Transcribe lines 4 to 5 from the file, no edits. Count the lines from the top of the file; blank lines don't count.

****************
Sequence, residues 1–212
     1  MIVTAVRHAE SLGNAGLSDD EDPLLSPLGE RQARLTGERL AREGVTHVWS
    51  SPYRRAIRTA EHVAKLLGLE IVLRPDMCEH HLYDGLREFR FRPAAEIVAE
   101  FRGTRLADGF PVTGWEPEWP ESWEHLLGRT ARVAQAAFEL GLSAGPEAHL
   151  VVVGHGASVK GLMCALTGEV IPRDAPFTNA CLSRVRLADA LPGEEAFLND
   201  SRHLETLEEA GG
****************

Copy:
   101  FRGTRLADGF PVTGWEPEWP ESWEHLLGRT ARVAQAAFEL GLSAGPEAHL
   151  VVVGHGASVK GLMCALTGEV IPRDAPFTNA CLSRVRLADA LPGEEAFLND